Via Enter Stage Right is an article about the history of journalism’s relationship with accuracy. The main thrust is that nothing much has changed in that regard, at least according to the critics. It cites James Agee and George Orwell, who wrote of journalists in the earlier part of the 20th Century about the same way we do today.
I would, however, argue that there is a significant difference, and that is the general presumption of accuracy. Back in those days, journalists were considered disreputable, not much above used car salesmen and politicians. Somehow, despite the lack of any real improvement, journalists managed to create an image of honest truth seekers. I fall in to the school that thinks this is because of the change of journalists coming up from the ranks to being members of the chatterati. Class and other convergent interests then allowed the opinion makers (who now operated Old Media in addition to their previous redoubts) to put over the idea of journalism as a higher calling.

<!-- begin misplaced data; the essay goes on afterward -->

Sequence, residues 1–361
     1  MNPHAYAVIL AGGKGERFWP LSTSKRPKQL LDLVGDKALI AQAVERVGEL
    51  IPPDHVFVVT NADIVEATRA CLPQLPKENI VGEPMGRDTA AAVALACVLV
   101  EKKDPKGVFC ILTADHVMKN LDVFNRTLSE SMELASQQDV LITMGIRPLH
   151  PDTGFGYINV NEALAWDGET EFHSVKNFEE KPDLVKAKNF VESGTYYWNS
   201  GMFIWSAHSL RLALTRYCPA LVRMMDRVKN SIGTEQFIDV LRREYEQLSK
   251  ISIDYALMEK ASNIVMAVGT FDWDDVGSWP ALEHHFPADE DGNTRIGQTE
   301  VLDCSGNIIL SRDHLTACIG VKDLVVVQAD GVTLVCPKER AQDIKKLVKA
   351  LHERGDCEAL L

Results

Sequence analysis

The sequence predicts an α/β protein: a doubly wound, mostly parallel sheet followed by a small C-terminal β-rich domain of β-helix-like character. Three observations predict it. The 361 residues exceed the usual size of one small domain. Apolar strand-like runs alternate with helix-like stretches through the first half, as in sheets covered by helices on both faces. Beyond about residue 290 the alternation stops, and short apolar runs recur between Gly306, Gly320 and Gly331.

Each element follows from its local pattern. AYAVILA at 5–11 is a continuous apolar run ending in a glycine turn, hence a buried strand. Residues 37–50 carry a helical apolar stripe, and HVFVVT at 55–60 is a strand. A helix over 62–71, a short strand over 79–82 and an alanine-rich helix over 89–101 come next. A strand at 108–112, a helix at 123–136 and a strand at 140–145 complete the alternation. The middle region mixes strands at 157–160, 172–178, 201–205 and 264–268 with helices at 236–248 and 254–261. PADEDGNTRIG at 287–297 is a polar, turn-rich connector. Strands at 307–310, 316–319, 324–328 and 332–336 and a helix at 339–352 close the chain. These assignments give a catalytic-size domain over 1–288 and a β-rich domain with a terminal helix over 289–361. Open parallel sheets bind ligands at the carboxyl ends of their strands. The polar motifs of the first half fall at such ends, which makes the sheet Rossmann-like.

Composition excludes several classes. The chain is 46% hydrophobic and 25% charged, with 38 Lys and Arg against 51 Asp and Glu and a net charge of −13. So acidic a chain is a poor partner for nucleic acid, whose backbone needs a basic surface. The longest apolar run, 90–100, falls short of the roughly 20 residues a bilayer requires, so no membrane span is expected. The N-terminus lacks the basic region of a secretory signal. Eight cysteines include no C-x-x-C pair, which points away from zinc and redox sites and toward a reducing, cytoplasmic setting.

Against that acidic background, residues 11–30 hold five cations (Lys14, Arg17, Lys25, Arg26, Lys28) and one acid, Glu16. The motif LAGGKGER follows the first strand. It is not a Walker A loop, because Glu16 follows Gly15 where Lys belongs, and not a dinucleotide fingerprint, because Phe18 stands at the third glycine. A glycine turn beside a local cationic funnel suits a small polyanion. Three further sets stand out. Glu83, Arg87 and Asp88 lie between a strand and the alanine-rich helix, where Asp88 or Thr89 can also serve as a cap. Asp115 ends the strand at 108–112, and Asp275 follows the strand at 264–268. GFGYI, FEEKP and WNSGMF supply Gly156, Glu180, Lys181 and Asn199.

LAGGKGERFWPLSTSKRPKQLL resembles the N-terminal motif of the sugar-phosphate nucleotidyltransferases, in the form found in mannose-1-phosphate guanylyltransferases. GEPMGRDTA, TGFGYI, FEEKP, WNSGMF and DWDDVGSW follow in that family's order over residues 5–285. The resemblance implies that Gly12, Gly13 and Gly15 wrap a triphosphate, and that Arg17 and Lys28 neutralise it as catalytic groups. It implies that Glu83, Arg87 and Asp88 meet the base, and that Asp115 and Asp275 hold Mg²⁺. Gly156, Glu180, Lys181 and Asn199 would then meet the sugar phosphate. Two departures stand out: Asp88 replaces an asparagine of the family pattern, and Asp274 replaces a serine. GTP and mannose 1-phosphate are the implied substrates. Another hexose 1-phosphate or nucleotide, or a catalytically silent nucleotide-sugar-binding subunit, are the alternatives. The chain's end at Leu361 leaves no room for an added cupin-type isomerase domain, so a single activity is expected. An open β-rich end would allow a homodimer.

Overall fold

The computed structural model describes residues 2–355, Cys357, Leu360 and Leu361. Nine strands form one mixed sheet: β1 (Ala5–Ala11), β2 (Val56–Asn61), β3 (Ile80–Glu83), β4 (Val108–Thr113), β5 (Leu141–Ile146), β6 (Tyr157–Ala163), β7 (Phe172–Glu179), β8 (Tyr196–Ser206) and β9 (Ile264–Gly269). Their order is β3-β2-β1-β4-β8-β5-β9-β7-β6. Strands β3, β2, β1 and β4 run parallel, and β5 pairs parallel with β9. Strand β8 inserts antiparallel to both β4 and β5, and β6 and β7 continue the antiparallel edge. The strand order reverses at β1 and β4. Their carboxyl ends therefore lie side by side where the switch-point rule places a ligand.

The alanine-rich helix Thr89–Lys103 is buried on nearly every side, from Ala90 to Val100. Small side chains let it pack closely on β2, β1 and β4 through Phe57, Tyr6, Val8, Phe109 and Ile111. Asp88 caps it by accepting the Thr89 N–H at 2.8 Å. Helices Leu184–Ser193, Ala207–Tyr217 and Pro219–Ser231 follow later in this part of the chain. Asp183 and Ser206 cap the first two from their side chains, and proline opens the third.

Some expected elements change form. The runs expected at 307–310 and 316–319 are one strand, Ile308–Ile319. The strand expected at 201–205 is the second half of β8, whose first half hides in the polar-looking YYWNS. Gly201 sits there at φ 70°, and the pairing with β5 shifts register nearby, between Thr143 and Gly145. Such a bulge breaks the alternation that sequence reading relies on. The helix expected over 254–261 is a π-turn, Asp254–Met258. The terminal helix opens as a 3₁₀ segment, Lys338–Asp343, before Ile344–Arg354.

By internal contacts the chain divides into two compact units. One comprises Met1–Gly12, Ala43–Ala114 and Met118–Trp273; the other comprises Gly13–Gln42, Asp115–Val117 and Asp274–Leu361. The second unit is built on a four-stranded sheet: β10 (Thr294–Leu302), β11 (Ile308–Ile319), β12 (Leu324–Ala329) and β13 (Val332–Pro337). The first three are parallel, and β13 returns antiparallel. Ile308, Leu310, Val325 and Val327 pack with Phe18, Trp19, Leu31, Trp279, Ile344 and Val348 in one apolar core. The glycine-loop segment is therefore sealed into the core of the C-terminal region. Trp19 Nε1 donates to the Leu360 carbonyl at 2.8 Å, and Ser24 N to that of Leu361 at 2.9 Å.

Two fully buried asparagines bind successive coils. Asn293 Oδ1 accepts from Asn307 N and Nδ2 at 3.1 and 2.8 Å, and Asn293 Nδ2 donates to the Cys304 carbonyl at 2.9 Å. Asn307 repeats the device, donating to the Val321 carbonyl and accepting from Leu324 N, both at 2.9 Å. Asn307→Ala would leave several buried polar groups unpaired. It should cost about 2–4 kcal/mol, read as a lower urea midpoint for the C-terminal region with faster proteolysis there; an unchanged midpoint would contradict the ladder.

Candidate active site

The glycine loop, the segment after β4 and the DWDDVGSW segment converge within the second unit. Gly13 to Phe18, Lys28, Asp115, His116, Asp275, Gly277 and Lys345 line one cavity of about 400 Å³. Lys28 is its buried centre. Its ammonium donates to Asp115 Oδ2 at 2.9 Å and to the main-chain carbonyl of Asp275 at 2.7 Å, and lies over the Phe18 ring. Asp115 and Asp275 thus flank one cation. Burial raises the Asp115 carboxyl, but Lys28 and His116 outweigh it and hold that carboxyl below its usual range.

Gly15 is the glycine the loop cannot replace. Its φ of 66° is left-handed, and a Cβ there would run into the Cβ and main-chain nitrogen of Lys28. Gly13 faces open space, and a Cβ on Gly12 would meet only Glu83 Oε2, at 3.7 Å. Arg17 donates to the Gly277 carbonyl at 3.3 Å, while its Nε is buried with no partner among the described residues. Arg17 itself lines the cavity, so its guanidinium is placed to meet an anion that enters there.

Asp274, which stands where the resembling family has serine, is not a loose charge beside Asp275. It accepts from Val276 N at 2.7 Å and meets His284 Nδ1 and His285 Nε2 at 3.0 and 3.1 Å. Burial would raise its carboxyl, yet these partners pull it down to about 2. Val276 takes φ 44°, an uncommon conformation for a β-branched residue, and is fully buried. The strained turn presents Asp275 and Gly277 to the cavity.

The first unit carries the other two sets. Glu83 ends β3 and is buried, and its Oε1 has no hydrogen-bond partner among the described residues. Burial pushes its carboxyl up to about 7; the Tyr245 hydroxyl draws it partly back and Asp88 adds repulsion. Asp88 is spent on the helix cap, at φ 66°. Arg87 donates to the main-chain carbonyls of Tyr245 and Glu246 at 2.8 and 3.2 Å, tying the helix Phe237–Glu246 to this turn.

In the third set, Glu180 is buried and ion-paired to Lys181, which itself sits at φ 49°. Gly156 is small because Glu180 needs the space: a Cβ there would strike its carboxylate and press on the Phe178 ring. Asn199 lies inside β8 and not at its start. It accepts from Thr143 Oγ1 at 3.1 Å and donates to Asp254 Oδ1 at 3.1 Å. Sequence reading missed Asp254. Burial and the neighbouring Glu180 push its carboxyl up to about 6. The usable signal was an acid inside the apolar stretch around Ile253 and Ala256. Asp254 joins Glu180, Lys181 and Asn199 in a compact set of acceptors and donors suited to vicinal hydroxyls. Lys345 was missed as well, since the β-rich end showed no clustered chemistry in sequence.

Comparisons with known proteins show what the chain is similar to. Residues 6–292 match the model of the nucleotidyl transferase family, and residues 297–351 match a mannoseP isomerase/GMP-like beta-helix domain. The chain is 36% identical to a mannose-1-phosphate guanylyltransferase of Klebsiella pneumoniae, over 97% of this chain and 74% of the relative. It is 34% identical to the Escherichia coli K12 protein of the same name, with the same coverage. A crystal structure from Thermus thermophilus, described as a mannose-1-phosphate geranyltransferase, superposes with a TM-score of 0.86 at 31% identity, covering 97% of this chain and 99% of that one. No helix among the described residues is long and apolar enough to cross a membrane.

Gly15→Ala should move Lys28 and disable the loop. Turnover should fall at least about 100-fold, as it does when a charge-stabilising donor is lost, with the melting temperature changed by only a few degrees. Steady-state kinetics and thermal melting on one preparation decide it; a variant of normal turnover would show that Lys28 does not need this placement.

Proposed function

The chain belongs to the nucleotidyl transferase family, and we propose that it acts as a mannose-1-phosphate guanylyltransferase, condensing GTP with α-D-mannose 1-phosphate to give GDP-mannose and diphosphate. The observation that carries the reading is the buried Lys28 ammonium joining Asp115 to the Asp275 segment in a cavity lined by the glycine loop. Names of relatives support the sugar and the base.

Like most such schemes that deny a fundamental reality, it had to eventually unravel and that’s what we’re seeing today. We will truly have full circle when journalists once again have earned the reputation they deserve.